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  15.  86
    A Theory of Virtue: Response to Critics.Robert Merrihew Adams - 2010 - Philosophical Studies 148 (1):159-165.
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  16. Existence, Self-Interest, and the Problem of Evil.Robert Merrihew Adams - 1979 - Noûs 13 (1):53-65.
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  17. Moral Arguments for Theistic Belief.Robert Merrihew Adams - 1979 - In C. F. Delaney (ed.), Rationality and Religious Belief. University of Notre Dame Press.
    Moral arguments were the type of theistic argument most characteristic of the nineteenth and early twentieth centuries. More recently they have become one of philosophy’s abandoned farms. The fields are still fertile, but they have not been cultivated systematically since the latest methods came in. The rambling Victorian farmhouse has not been kept up as well as similar structures, and people have not been stripping the sentimental gingerbread off the porches to reveal the clean lines of argument. This paper is (...)
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  18. The Virtue of Faith.Robert Merrihew Adams - 1984 - Faith and Philosophy 1 (1):3-15.
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  19.  92
    Middle Knowledge and the Problem of Evil.Robert Merrihew Adams - 1977 - American Philosophical Quarterly 14 (2):109-117.
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  20.  92
    The Problem of Evil.Marilyn McCord Adams & Robert Merrihew Adams (eds.) - 1990 - Oxford University Press.
    The problem of evil is one of the most discussed topics in the philosophy of religion. For some time, however, there has been a need for a collection of readings that adequately represents recent and ongoing writing on the topic. This volume fills that need, offering the most up-to-date collection of recent scholarship on the problem of evil. The distinguished contributors include J.L. Mackie, Nelson Pike, Roderick M. Chisholm, Terence Penelhum, Alvin Plantinga, William L. Rowe, Stephen J. Wykstra, John Hick, (...)
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  21.  5
    Human Autonomy and Theological Ethics.Robert M. Adams - 2016 - European Journal for Philosophy of Religion 8 (3-20):3.
    It is argued here that we have good reason to aspire to be autonomous in certain ways that deserve a place in the theory of virtue, but not in some of the ways that have figured most prominently in theories of moral obligation. This grounds an argument that the sorts of autonomy to which we have reason to aspire need not be enemies of theological ethics. The focus is on the relation of autonomy to obligation in sections 1-4, and on (...)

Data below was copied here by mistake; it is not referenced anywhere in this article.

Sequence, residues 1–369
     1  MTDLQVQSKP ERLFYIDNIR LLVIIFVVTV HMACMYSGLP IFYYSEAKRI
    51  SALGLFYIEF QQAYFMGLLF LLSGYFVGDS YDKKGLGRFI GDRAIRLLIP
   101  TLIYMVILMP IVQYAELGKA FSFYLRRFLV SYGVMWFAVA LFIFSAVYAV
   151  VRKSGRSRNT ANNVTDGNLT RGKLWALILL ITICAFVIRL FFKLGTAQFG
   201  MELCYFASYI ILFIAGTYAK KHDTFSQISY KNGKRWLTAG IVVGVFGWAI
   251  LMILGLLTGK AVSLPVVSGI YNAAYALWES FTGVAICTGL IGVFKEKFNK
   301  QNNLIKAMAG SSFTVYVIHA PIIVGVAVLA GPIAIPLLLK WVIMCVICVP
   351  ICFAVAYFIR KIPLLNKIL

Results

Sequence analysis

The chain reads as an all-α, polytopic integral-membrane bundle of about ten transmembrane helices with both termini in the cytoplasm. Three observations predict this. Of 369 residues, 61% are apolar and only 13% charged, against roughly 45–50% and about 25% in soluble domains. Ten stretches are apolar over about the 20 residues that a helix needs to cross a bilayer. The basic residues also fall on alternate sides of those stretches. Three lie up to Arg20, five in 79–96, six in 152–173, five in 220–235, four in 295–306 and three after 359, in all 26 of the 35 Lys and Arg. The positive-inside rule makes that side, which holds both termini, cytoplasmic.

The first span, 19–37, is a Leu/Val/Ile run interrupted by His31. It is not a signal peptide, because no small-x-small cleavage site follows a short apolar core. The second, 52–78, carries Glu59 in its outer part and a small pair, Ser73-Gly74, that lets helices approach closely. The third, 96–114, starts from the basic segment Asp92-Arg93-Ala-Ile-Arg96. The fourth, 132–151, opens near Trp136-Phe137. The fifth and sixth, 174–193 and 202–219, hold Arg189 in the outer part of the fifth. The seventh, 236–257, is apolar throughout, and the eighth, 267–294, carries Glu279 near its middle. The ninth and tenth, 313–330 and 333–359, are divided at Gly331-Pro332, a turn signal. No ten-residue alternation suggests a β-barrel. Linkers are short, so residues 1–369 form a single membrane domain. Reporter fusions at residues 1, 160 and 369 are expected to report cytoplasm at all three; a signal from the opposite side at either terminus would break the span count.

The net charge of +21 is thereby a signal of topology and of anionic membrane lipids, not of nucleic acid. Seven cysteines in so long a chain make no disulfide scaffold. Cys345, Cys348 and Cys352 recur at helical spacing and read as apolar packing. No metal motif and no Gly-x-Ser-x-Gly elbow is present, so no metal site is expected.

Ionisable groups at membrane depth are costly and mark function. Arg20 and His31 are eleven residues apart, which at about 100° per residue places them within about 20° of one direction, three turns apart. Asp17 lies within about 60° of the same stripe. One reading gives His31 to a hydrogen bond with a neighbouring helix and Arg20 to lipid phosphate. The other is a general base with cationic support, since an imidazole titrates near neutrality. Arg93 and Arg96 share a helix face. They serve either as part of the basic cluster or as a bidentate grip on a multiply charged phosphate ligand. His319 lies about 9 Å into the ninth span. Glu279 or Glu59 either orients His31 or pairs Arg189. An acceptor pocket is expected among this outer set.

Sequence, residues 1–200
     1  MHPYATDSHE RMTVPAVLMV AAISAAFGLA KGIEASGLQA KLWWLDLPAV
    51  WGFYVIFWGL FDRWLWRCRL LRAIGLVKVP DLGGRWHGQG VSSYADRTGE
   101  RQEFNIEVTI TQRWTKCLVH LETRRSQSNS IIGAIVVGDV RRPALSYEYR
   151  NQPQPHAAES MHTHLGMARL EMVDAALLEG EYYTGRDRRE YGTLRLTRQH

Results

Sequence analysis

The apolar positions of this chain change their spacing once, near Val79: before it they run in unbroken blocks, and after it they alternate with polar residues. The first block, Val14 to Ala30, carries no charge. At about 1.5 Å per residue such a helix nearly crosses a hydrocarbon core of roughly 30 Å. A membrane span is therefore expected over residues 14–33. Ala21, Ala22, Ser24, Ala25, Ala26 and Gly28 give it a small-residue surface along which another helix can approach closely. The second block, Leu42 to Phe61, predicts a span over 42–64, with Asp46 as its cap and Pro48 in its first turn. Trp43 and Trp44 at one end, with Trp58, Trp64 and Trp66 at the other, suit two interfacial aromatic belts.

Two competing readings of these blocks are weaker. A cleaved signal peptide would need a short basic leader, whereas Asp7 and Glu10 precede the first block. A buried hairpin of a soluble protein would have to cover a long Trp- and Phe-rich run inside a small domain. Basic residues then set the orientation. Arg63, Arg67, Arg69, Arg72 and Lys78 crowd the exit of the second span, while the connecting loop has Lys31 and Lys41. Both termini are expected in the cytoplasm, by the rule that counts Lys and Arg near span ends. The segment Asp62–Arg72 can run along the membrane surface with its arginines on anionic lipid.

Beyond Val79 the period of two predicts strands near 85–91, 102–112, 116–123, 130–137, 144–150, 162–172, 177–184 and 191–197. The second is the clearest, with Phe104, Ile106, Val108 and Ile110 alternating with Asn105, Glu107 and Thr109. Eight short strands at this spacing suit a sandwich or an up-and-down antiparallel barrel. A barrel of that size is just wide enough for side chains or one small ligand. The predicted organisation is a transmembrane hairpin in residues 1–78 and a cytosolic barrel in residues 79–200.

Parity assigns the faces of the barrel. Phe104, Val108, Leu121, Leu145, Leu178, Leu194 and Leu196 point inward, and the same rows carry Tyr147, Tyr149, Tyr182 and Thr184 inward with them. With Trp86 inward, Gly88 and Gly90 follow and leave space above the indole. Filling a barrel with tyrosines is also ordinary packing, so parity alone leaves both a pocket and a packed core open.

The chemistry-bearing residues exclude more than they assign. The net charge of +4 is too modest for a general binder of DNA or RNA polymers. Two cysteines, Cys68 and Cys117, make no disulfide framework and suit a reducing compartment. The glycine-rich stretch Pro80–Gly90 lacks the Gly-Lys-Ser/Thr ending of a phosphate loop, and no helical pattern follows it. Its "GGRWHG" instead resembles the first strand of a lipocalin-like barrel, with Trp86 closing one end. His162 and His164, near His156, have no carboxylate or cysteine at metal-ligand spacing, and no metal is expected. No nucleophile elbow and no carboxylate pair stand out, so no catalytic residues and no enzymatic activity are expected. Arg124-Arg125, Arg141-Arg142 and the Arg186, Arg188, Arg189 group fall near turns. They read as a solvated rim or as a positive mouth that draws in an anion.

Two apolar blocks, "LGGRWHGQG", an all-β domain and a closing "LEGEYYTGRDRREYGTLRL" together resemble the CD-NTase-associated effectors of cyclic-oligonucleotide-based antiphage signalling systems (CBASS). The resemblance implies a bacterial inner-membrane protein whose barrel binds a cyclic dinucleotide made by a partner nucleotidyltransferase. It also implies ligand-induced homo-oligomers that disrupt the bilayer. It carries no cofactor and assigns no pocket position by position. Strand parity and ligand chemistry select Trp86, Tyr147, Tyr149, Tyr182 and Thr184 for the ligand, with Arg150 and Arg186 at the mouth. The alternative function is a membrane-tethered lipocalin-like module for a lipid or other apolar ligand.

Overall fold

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  22. Consciousness, Physicalism, and Panpsychism.Robert Merrihew Adams - 2013 - Philosophy and Phenomenological Research 86 (3):728-735.
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  23. Divine Necessity.Robert Merrihew Adams - 1983 - Journal of Philosophy 80 (11):741-752.
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  24. Divine Command Metaethics Modified Again.Robert Merrihew Adams - 1979 - Journal of Religious Ethics 7 (1):66 - 79.
    This essay presents a version of divine command metaethics inspired by recent work of Donnellan, Kripke, and Putnam on the relation between necessity and conceptual analysis. What we can discover a priori, by conceptual analysis, about the nature of ethical wrongness is that wrongness is the property of actions that best fills a certain role. What property that is cannot be discovered by conceptual analysis. But I suggest that theists should claim it is the property of being contrary to the (...)
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  25. Moral Faith.Robert Merrihew Adams - 1995 - Journal of Philosophy 92 (2):75-95.
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  26. Love and the Problem of Evil.Robert Merrihew Adams - 2006 - Philosophia 34 (3):243-251.
    The focus of this paper is the virtual certainty that much of what we must prize in loving any human person would not have existed in a world that did not contain much of the evil that has occurred in the history of the actual world. It is argued that the appropriate response to this fact must be some form of ambivalence, but that lovers have reason to prefer an ambivalence that contextualizes regretted evils in the framework of what we (...)
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  27. A Modified Divine Command Theory of Ethical Wrongness.Robert Merrihew Adams - 1997 - In Thomas L. Carson & Paul K. Moser (eds.), Morality and the Good Life. Oup Usa.
     
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  28. God, Possibility, and Kant.Robert Merrihew Adams - 2000 - Faith and Philosophy 17 (4):425-440.